February 19, 2010 Features & Images » Feature Story

Walking the talk 

Whistler athletes represent in Whistler style

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So there you have it. Now you know how a unique mountain environment worked its singular magic on an inimitable tribe of thrill seekers. Leaders, iconoclasts, trendsetters, opinion-makers - call them what you will - the people who have made this valley their home have managed to create an entirely new cultural paradigm in the way they address their day-to-day lives. Read on. Who knows? You might even get inspired to go out and do something crazy.

 

Whistler's first wildman set the standard

One of the earliest (if not the earliest) skiers to set the tone for what was to come at Whistler was a young Norwegian by the name of Dag Aabye. An incredibly bold skier who pioneered some of the region's hoariest descents (including Vancouver's signature skyline peaks, The Lions), Dag combined rare gymnastic talent with an artist's mountain perspective. And he loved nothing more than sharing his eccentric ski vision with anyone who cared to follow.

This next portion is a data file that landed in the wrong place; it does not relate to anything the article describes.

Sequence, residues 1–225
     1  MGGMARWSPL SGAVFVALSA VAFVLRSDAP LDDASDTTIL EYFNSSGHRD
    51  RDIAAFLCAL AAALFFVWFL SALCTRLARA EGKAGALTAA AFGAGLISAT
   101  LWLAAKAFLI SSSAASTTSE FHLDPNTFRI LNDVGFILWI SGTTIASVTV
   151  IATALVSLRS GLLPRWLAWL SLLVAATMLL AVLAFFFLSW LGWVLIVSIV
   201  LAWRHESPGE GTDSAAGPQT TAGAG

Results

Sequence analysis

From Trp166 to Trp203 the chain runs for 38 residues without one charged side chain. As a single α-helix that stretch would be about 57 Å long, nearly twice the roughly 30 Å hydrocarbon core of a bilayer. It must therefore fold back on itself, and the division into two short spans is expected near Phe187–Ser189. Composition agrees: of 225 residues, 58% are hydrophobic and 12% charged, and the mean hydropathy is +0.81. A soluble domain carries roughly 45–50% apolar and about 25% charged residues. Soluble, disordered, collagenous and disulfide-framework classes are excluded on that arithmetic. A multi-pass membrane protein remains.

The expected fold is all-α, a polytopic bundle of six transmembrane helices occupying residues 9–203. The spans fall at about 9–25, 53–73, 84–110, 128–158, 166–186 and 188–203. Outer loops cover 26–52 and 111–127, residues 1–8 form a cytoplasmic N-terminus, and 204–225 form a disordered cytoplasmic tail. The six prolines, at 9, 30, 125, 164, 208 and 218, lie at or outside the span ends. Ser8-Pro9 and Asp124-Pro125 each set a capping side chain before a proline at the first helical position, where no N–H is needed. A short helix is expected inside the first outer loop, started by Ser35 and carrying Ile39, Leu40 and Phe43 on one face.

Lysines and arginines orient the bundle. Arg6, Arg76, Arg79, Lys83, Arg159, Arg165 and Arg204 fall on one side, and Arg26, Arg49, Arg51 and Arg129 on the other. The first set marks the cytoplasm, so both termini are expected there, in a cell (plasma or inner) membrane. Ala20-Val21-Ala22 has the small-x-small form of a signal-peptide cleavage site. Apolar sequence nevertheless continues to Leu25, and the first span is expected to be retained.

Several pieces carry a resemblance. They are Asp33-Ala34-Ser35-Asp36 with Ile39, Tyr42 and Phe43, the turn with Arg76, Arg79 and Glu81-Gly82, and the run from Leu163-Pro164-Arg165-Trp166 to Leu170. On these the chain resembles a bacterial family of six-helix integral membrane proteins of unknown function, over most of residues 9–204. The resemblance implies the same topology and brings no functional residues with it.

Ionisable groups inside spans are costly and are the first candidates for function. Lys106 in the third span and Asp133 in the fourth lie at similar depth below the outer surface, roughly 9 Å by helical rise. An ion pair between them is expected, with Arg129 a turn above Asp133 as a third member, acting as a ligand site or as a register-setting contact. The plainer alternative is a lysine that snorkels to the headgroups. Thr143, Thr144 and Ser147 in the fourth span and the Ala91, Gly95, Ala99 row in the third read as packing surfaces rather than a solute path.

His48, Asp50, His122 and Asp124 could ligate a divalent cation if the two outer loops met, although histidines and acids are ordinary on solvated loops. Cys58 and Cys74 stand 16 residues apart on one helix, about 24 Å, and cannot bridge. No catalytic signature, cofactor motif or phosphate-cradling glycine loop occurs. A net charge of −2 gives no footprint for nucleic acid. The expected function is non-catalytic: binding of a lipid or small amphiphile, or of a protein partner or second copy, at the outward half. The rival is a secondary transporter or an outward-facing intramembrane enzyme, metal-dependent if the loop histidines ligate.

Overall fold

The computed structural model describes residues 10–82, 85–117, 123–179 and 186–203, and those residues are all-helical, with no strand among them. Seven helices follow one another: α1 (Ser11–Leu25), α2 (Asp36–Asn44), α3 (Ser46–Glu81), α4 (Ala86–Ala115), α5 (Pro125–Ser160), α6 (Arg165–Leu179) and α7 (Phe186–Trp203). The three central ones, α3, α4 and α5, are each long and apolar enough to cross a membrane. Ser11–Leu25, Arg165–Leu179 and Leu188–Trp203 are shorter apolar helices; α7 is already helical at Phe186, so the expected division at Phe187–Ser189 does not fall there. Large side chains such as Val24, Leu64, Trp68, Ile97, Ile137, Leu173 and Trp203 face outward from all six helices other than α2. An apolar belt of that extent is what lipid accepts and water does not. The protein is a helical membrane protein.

A child of the times, Dag Aabye was barely 20 when he arrived in Whistler. Trickster, visionary, pioneer freestyler - call him what you will - the young Aabye would set the performance bar extremely high here in those early years. No matter who followed after him - McConkey, Murray, Boyd, Pehota, Douglas or Abma - no one has ever quite been able to match Dag's reputation as a wild and crazy mountain player. I know. I know. The world has changed since 1966. But take my word for it - were Dag 20 today, his name would be on everybody's lips.

And were it not for Whistler's first ski school director, Ornulf Johnsen, one of the valley's most enduring legends would have never set foot here.

"I first got to know Dag when I was working for the ski school in Geilo, Norway," explains Johnsen. "He was still a teenager back then, but already he'd dedicated his life to becoming a ski stuntman." So much so, he recounts, that people would worry for the young daredevil. "He built a jump in the middle of the hill. His goal was to master Stein Eriksen's famous swan-dive-to-front-flip. And he would go at it from dawn till dusk." Ornulf lets a chuckle escape. "I don't know how many times he landed on his head. It was a lot though."

Pound for pound, says Johnsen, "Dag Aabye is the strongest guy I've ever known." Hyperbole? Maybe. But I doubt it. "Each morning, the guy would do 50 handstand pushups," explains Johnsen. "Now I could do five or 10 in my prime. But 50? I've never seen anybody come even close."

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